While the Federal Bureau of Investigation has seized control the Coreflood botnet, it is now working with Microsoft to try to permanently remove malware from thousands of infected zombie machines to prevent Coreflood from springing back to life.
Now that the Federal Bureau
of Investigation has successfully disarmed the Coreflood botnet temporarily,
the next step is to get the malware off infected machines.
The number of "beacons," or requests
from Coreflood zombies
to the C&C (command and control) servers have
declined by over 90 percent in the week since the FBI raided and seized five
C&C servers and 29 domains used to control the Coreflood
, according to court documents filed April 22. The requests have
dropped from about 800,000 on April 13, two days before the raid, to less than
100,000 on April 22, according to court papers.
Beacons are not the same as
the number of infected computers because the zombie connects to the server
every time it reboots, and it's very possible that a computer can be restarted
several times a day. While the actual number of infected computers is unknown,
the Coreflood botnet is estimated to have infected somewhere between hundreds
of thousands to 2 million PCs over the past decade.
As part of the raid, the
United States District Court of Connecticut also issued a temporary restraining
order that allowed the Department of Justice to substitute the seized rogue
servers with FBI-controlled systems. The new servers acted as C&C servers for
the existing zombie army, pushing out a "kill signal" to terminate the malware
running on the infected machines.
While the kill signal
stopped Coreflood from running, it was only a temporary fix, as every time the
infected machine was rebooted, it had to receive fresh instructions to "stop"
the malicious process. It was critical that the malware be removed from the
The FBI-controlled servers
prevented the malware from updating itself, giving security vendors the time to
release fixes and update malicious software removal tools. They "are no
longer faced with a moving target and have been able to release virus
signatures capable of detecting the latest versions of Coreflood," the
court papers said.
Microsoft released an
out-of-band update for its Windows Malicious Software Removal Tool on April 28
to remove Coreflood from infected machines. Cyber-criminals released new
Coreflood variants approximately around when Microsoft updated the tool as part
of the April Patch Tuesday. The latest update will allow Microsoft to remove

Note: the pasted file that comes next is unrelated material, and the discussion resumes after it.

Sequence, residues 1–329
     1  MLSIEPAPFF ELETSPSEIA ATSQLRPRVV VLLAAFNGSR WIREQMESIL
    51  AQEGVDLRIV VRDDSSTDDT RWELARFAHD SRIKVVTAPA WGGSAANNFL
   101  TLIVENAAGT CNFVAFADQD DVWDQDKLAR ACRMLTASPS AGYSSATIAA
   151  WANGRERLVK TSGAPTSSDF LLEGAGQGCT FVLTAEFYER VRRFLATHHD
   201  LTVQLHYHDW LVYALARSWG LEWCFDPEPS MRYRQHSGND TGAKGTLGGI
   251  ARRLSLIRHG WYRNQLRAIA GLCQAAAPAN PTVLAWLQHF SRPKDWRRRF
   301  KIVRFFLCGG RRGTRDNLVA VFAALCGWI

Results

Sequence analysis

Coreflood and several other malware families permanently.
Other vendors are expected
to issue their own updates to their security scanners and malware removal tools
so that users can remove the infection on their own.
The original court order
gave the FBI two weeks to temporarily deactivate the zombies and notify
affected users as vendors pushed out removal tools. The FBI is working with Internet
service providers to track down users based on the IP addresses. The government
asked for an additional 30 days, now due to expire May 25, to complete
"Operation Adeona" by deactivating the malware and to notify affected users
that their systems had been compromised.
The FBI was also collecting
explicit permission from the victims to remotely remove the malware
"Removing Coreflood in this
manner could be used to delete Coreflood from infected computers and to -undo'
certain changes made by Coreflood to the Windows operating system when
Coreflood was first installed," wrote FBI Special Agent Briana Neumiller in the
"There is an ongoing
need to prevent a continuing and substantial injury to the owners and users of
computers still infected by Coreflood," the filing said.
Removing the malware is
important because new variants of Coreflood are already appearing, pushed out
by servers not under FBI control. These new variants will be able to evade
detection and there is a chance they will recapture the now-dormant machines,
the FBI warned the court.
The Department of Justice
will need another court order to get permission to actually remove the malware
permanently from user computers.
The government stepping into
remotely execute programs on to user computers is unprecedented in the United
States, and privacy watchdog Electronic Frontier Foundation raised some
objections. "Its other people's computers, and you don't know what's going to
happen for sure. You might blow up some important machine," said Chris Palmer,
technology director for the Electronic Frontier Foundation.
There are multiple Coreflood
variants, and there is a potential risk with trying to use a bot against
itself. "What if the crooks have deliberately rewired the "stop"
command to carry out a "format hard drive" operation instead?" Paul
Ducklin, head of technology for the Asia-Pacific region at Sophos, wrote on the